4 SEO Things Everybody Should Be Doing But Nobody Is

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SEO Strategy Tips for the CEO

Trying to keep pace with SEO developments can feel like running on a treadmill -- no matter how fast you go, you never gain any ground.

Nevertheless, there are things companies can do to get a competitive SEO advantage ... because so few competitors are bothering to do them. How long you maintain your advantage depends on how soon you get started.

1. Develop an Internal Writing Team

More and more, SEO results hinge on a firm's ability to create a steady stream of authoritative, useful and relevant content. To meet that standard, writers must have an intimate understanding of the firm's industry, products, services, customers, sales process and competitors. Agencies and freelancers can contribute, but without in-house writers, effectiveness will be limited. Don't believe it? Keep in mind you're hearing this from a writer who works for an agency.

2. Participate in Google Authorship

Not only should a firm have writers, those writers should actively participate in the new Google Authorship program. By participating, onsite and offsite content will gain organic search visibility and, because author thumbnails appear next to links on search engine results pages (SERPs), click-throughs increase, leading to more traffic and leads. Beyond SEO, Authorship enhances credibility and thought leadership status.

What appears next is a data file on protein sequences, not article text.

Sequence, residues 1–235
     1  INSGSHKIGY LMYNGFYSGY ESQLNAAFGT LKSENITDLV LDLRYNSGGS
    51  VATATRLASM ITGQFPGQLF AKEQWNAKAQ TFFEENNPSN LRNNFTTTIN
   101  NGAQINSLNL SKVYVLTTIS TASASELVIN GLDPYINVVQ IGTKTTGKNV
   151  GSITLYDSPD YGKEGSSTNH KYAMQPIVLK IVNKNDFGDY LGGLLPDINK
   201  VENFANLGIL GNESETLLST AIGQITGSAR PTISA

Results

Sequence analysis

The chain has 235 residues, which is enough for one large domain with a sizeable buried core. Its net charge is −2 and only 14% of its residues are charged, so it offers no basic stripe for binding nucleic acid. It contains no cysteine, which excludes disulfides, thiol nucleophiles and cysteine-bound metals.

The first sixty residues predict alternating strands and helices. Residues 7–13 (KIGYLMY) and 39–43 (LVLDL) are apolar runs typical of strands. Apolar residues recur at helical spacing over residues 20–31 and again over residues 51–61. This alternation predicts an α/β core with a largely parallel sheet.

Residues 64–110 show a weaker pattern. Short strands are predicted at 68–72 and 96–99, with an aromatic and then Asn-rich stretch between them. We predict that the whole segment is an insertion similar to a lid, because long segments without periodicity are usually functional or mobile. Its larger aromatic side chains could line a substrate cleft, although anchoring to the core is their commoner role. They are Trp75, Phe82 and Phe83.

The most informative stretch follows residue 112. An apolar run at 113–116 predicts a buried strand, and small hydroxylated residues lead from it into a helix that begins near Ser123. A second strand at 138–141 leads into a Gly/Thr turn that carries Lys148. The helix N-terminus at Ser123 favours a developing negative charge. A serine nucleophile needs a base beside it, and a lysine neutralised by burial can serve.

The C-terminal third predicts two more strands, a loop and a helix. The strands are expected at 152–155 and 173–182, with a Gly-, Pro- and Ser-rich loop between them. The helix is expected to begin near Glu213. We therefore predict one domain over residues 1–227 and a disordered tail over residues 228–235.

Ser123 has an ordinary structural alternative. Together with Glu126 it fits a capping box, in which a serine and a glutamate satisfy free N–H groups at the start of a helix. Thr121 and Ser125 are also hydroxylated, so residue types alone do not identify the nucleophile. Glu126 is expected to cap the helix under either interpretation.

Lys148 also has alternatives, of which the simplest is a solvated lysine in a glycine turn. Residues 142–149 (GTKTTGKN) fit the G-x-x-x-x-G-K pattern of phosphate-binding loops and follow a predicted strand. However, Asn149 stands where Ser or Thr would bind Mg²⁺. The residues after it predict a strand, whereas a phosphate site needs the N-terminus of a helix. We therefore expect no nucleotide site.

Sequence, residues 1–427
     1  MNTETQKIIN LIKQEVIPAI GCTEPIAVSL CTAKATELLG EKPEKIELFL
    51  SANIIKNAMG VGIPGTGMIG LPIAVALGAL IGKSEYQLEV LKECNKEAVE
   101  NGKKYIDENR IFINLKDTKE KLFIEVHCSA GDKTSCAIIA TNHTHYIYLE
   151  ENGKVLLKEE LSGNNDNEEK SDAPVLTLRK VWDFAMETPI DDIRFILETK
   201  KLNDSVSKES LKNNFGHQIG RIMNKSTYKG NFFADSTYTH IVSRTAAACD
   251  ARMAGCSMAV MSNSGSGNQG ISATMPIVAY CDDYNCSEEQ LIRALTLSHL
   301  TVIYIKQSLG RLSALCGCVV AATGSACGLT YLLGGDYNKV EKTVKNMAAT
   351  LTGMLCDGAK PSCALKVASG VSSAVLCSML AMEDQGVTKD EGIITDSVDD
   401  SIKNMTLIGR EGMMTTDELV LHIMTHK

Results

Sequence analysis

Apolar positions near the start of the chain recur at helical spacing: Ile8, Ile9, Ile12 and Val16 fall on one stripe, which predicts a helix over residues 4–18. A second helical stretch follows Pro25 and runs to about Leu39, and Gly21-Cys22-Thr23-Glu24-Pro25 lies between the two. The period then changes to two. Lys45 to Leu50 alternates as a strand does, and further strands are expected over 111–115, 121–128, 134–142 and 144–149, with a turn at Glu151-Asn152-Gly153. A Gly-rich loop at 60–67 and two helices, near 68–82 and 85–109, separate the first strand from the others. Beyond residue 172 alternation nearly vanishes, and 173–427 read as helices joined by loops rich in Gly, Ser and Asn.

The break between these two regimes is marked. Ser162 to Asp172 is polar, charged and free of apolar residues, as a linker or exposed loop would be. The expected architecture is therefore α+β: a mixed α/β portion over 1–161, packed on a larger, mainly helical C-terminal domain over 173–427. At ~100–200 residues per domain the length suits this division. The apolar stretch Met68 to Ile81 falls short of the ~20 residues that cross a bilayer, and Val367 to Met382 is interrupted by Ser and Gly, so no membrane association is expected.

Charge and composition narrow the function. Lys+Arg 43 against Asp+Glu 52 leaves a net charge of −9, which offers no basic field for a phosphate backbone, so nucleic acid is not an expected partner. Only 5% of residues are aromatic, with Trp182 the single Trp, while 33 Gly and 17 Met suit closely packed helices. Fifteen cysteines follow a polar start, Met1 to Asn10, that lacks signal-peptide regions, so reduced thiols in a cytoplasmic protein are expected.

3. Produce Visual Content

Search engine users aren't just looking for textual content anymore. People have an enormous appetite for visual content: slide presentations, video, infographics, etc. And in most B2B niches, demand far exceeds supply. While the cost of producing visual content can be high, its impact on lead generation and sales can also be high. In the first place, it's easier to gain prominent visibility in the less crowded arenas of image search and video search. Second, visual content opens up gigantic new search platforms such as YouTube and SlideShare. Third, visual content is extremely persuasive and enables firms to get across complex product and service benefits with tremendous clarity.

4. Don't Be a "Rank" Amateur

Rankings used to be crucially important for SEO. I don't think the world has figured out this is no longer the case. Because Google now serves up results based on a user's geographic location and search history, a web page's rank varies depending on the user. Also, because of social media sharing and segmented search -- video search, news search, etc. -- overall visibility is more important than narrow rankings for particular keyword phrases (with some exceptions).

But even if rankings could be determined and reliably tracked, they would still not be as important as lead generation in terms of evaluating SEO performance. For instance, if you rank #1 for a keyword that generates zero leads and rank #24 for a keyword that generates 10 leads per month, which would you focus on?

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